A P-40 Warhawk is on display at the Dakota Territory Air Museum in Minot. It’s the type of plane flown by North Dakota native, Oswin Elker, who served with distinction in WWII with the Flying Tigers. He was shot down twice, and escaped both times through enemy territory. A hanger at the museum is named for Oswin.
Oswin didn’t fly the Warhawk at the museum, but the plane is part of the interesting history of Granger Taylor, who was born in British Columbia on this date in 1948. He was very intelligent, but was shy and introverted, spending many hours alone. He quit school after the eighth grade and went to work for a mechanic. Taylor, as it turned out, was a mechanical genius, who could fix almost anything.
At 14, Taylor built a car. Next, he refurbished a derelict bulldozer. He also found a locomotive in the woods that was a total wreck. It had been abandoned with the boiler rusted through and trees growing through the wheels and undercarriage. Taylor disassembled it, and after 3 years had it working in near pristine condition. He sold it to the Canadian Government for museum display.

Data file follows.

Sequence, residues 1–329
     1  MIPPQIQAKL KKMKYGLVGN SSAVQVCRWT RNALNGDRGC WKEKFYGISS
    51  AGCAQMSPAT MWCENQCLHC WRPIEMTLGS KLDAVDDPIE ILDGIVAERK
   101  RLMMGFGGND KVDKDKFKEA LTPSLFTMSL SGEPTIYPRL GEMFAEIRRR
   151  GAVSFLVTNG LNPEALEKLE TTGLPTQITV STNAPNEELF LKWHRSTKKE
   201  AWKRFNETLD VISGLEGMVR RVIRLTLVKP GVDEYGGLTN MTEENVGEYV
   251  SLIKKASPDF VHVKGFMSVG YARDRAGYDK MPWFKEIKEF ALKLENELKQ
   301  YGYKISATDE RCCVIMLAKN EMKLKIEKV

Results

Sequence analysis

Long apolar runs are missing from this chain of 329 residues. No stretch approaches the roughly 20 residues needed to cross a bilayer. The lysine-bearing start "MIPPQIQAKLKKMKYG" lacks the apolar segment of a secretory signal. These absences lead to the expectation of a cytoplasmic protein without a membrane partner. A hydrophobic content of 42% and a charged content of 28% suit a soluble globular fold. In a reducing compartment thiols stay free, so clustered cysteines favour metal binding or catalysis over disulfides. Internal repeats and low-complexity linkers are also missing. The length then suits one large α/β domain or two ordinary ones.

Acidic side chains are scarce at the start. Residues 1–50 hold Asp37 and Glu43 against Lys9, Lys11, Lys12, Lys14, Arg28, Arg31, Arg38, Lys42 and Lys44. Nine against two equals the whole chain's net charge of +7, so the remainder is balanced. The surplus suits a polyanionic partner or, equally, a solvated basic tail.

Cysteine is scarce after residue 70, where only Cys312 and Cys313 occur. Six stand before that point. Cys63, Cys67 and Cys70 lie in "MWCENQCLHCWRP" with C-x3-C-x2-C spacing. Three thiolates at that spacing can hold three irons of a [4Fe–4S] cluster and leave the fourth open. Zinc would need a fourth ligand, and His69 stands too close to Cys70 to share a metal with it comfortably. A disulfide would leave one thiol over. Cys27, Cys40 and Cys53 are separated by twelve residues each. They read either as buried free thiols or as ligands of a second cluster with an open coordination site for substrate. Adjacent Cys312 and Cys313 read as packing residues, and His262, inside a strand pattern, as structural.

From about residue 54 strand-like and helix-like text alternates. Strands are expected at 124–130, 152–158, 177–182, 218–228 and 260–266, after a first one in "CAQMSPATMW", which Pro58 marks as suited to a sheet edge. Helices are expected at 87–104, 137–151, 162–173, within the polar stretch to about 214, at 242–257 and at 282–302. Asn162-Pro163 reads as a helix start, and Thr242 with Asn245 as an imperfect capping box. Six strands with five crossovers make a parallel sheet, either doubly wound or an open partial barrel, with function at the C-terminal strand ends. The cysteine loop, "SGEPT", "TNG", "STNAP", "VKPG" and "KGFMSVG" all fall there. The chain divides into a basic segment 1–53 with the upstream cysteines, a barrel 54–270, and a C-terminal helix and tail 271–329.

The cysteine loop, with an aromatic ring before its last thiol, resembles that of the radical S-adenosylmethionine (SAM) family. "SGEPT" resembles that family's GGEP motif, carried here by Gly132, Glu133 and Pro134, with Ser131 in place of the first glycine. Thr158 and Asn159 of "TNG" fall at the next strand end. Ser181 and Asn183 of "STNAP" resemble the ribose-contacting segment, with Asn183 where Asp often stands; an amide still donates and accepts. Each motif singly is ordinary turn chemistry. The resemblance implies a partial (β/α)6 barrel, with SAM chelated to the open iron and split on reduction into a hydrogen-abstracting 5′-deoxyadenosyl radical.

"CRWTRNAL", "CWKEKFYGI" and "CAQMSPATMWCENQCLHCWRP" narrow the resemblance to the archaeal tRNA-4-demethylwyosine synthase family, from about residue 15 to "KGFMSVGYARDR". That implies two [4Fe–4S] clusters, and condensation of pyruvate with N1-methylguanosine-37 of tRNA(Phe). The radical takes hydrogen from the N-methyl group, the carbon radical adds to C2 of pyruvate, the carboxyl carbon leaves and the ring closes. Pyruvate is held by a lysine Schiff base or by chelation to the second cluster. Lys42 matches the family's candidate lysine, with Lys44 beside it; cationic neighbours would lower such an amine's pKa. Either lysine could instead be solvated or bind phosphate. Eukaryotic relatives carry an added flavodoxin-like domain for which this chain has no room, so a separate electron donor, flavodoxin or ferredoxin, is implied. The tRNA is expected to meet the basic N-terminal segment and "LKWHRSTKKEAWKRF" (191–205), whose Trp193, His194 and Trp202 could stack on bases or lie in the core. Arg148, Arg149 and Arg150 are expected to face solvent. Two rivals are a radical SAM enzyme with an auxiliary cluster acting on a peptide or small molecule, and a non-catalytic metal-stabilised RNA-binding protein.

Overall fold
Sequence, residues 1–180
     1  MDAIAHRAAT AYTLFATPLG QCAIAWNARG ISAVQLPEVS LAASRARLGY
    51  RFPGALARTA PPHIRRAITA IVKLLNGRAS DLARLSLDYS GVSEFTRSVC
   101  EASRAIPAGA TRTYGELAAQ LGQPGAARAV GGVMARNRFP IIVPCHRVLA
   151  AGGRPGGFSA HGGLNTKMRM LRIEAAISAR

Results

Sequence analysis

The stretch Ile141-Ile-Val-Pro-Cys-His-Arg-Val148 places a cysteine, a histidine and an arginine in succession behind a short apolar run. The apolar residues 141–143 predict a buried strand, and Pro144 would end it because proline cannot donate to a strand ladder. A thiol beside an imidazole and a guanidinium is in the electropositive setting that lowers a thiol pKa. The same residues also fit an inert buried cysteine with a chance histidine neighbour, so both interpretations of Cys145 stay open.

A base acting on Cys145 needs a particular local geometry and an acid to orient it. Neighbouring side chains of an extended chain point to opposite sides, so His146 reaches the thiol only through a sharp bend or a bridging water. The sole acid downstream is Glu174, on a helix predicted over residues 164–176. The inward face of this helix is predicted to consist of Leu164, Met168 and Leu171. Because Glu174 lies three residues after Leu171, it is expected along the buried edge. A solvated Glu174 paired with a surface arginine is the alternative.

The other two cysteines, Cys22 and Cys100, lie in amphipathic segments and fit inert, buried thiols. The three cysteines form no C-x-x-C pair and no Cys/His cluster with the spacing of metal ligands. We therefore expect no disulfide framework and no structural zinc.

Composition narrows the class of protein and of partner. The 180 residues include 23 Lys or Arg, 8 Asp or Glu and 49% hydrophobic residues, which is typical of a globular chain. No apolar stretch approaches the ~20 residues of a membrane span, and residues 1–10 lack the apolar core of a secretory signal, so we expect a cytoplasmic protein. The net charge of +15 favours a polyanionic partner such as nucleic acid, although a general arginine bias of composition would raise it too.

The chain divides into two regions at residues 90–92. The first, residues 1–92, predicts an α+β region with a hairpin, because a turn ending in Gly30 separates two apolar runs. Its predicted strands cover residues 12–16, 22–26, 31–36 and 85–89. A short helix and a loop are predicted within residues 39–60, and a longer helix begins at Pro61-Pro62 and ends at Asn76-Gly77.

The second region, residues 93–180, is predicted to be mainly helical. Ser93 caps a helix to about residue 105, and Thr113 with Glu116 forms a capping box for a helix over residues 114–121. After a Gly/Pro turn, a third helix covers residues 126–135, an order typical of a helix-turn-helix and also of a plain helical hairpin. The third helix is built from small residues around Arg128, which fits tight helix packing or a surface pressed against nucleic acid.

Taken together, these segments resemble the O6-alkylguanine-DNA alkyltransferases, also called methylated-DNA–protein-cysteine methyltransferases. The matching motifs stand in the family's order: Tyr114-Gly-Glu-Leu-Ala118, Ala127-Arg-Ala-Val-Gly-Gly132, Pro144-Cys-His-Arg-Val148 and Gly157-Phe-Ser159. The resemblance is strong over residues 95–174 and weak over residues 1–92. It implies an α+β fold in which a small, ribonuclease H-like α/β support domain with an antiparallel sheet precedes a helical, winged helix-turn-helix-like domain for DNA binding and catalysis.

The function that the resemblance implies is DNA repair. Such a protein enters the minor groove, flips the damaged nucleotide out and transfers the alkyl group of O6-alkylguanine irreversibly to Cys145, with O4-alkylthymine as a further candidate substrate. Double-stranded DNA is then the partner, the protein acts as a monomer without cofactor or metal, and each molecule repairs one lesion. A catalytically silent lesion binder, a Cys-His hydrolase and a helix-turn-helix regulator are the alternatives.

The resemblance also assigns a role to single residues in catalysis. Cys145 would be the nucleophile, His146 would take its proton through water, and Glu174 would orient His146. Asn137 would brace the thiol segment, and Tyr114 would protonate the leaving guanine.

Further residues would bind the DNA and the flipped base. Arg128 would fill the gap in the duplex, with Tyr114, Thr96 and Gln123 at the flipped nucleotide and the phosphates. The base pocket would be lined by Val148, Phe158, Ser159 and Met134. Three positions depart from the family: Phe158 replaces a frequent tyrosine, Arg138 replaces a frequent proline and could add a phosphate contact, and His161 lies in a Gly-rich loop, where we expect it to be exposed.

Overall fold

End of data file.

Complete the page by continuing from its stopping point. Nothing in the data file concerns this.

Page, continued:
Taylor’s crowning achievement was restoring the World War II P-40 Warhawk, starting with just a few pieces he found in a junk yard. He sold it to a collector, and it eventually found its way to Minot.
Taylor then turned to space and space travel. He read every book he could about the cosmos and extraterrestrials. He built a large flying saucer made out of 2 discarded satellite dishes. The craft was never meant to fly, but he used it as a refuge, spending many hours in it reading and meditating.
He told friends that he had been communicating telepathically with aliens and that they had invited him to take a trip on their spaceship. On November 29, 1980, Taylor drove off and was never seen again. He left a note to his parents saying he was leaving for a 42-month tour of the solar system. His parents waited, but their son never returned.
In 1986, Taylor’s truck was found on a mountain in British Columbia, blown to smithereens. Several bone fragments were found, but it could not be determined if they were Taylors. The mystery still baffles today.
Dakota Datebook by written by Scott Nelson
CBC Documentary, “Starman: The Granger Taylor Story”
Interview with Glen Blackaby, Director, Dakota Territory Air Museum